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[whatwg] [web-apps] Some comments

From: Matthew Raymond <mattraymond@earthlink.net>
Date: Mon, 09 Aug 2004 17:44:39 -0400
Message-ID: <4117F047.8070307@earthlink.net>
Olav Junker Kj?r wrote:

>> Furthermore, all our "gracefully degradation" solutions so far have 
>> not required CSS.
> 
> I think the requirements for backwards compatibility of WAML should be 
> different that for WF2. With WF2 it makes sense to strive for graceful 
> degradation, since it is possible to implement most of the features 
> server-side.

    Untrue. For instance, you can't implement a date picker server-side. 
What WF2 markup does is to degrade to something that's reasonably usable 
and doesn't make it impossible to fill in or submit the form. It's true 
that some features can be implemented server-side for legacy support, 
but that doesn't apply to all WF2 markup.

> For WAML, however, I don't think graceful degradation as far as support 
> for browsers without CSS or script makes sense. As I understand the 
> spec, WAML is intended for complex applications with menus,

    Which can be implemented as a list with links or buttons.

> dialog boxes,

    I'm not convinced that dialog markup and app markup should be mixed, 
personally.

> complex controls,

    It would depend on the control. Tabs could degrade into <fieldset> 
or <div> elements. A tree could degrade into a <select>.

> lots off script,

    Obviously, unsupported Javascript objects can't degrade, but I think 
the only ones defined so far in WA1 are those that already exist and are 
widely used by multiple browsers.

> two-way communication with the server in the background and so on.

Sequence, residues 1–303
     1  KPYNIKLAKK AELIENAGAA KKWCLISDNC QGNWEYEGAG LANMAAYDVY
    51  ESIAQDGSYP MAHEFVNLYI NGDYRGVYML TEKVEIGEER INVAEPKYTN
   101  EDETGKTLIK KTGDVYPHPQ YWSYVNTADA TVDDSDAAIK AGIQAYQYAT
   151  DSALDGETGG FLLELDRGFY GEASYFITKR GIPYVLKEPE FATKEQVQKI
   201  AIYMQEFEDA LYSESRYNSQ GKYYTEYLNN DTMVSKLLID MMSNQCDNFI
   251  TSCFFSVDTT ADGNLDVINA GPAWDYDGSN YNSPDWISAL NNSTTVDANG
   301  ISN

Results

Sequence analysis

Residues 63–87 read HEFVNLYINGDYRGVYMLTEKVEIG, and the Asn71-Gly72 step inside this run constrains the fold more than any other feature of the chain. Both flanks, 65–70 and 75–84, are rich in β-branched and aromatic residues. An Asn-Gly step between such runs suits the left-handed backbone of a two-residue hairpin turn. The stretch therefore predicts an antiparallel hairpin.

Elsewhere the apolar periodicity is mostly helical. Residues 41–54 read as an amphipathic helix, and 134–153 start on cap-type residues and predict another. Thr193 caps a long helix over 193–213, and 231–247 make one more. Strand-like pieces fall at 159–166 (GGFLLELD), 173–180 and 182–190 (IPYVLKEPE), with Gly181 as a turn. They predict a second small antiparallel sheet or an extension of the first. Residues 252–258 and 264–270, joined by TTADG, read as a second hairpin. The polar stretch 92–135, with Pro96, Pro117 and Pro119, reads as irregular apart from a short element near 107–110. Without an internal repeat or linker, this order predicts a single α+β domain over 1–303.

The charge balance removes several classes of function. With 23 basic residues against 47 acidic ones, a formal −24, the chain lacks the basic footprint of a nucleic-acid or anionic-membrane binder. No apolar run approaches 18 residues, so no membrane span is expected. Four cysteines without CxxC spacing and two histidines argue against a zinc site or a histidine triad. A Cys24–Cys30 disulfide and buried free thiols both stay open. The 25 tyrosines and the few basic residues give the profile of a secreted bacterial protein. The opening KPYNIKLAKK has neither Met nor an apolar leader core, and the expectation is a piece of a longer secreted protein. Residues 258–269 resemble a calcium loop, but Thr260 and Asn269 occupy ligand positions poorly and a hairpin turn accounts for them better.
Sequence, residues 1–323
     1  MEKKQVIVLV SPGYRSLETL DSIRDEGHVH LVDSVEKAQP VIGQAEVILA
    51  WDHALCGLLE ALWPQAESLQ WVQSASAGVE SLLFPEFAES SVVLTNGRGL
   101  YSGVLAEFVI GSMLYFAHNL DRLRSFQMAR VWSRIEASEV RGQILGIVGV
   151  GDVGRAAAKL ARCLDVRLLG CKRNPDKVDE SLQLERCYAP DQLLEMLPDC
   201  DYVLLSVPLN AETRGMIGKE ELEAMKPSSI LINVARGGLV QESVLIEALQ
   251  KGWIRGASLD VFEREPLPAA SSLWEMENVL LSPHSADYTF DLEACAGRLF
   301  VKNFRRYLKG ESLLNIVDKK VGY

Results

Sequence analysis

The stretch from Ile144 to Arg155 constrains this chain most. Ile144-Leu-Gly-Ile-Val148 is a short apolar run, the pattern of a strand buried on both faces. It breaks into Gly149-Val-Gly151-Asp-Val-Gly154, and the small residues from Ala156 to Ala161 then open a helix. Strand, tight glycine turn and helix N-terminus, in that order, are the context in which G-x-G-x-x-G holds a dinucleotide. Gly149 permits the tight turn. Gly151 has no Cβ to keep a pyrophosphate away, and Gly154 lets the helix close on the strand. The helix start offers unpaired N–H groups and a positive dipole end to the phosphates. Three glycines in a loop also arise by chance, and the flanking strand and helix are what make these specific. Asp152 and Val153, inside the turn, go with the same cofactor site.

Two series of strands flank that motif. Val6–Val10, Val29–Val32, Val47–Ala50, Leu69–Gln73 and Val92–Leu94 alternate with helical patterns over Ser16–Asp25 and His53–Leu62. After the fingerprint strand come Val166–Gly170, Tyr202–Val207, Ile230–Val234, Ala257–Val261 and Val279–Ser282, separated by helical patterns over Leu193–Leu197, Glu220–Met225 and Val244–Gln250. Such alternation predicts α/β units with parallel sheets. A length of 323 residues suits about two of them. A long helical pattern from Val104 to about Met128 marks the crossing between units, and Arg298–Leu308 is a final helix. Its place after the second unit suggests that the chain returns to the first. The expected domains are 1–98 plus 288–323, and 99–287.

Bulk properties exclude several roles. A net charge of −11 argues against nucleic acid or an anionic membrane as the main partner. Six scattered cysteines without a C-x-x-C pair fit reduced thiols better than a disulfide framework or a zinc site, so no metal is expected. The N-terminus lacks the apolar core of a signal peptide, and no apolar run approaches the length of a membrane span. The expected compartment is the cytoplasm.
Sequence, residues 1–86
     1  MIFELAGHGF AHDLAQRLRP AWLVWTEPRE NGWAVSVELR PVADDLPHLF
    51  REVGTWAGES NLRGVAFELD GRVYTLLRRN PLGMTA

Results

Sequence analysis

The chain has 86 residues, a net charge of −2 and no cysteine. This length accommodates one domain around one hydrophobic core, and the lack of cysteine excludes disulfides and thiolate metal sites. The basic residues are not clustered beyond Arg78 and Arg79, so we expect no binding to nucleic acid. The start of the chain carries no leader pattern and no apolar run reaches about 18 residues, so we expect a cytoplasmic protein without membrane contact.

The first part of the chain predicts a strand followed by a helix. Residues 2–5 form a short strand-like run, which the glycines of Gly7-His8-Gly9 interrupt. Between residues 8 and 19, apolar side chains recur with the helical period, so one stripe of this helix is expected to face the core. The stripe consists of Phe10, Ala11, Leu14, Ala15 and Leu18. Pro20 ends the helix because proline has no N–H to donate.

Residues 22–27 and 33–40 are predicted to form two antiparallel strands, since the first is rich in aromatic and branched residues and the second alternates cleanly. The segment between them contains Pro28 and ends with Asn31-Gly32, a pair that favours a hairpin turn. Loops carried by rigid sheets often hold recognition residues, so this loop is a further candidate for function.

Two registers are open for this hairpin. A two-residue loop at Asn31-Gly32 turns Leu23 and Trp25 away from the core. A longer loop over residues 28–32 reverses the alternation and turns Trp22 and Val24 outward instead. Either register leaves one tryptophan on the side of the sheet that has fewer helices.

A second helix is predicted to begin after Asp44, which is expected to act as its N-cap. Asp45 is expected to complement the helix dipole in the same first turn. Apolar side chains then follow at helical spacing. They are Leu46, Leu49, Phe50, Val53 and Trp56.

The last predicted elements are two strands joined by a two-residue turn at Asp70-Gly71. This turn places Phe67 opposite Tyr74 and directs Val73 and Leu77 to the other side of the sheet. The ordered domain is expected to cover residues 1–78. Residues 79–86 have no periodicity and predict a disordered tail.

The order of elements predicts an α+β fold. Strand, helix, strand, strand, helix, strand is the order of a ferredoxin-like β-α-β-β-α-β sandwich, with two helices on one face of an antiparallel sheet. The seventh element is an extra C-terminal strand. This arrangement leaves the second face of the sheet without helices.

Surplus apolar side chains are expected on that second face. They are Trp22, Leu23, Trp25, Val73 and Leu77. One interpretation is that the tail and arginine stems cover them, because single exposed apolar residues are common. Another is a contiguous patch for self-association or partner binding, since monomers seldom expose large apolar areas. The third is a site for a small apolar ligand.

This would probably be accomplished via scripting.

 > There is no way, that this kind of
> application will degrade gracefully on browser which doesn't support CSS 
> or script.

    That would depend on the feature. I think we owe it to users that 
don't have access to a UA with CSS or scripting enabled to create markup 
that degrades to the fewest standards whenever possible.

> Even if new elements were designed so that they wont show up 
> in those older browsers, the app would still be completely non-functional.

    The idea isn't to prevent webmasters from creating markup that 
doesn't degrade gracefully. The idea is to allow webmasters to create 
markup that degrades gracefully but still had the new functionality in 
compliant browsers. If the webmaster wants to create a WA1-only

> The position paper says:
> "Basic Web application features should be implementable using behaviors, 
> scripting, and style sheets in IE6 today so that authors have a clear 
> migration path. "
> I think this is a resonable requirement, however its a far cry from 
> requiring that web applications should degrade gracefully in Netscape 2 
> with scripting turned off.

    The point is not forced graceful degradation. The point is to allow 
the possibility for degradation on all user agents.

> If course you could implement a pure HTML version of the webapp that is 
> compatible with old browsers, but that version will likely have a very 
> different UI and flow. You won't implementet it *in the same page* as a 
> WAML-app. So I suggest non-graceful degradation for browsers that don't 
> support WAML: redirect to an alternative page.

    What, then, makes using WAML any different from using XUL + HTML4? 
If  WAML requires a compliant browser simply to be used, why even bother 
developing it when you can use XUL 1.0 right now? If you're going to 
throw graceful degradation out the window, better to create a 
standardized subset of XUL, a language which has already seen practical 
use in tandem with CSS and which supports just about any widget you 
might need. It should be noted, however, that this would be beyond the 
scope of the WHAT WG's charter.
Received on Monday, 9 August 2004 14:44:39 UTC

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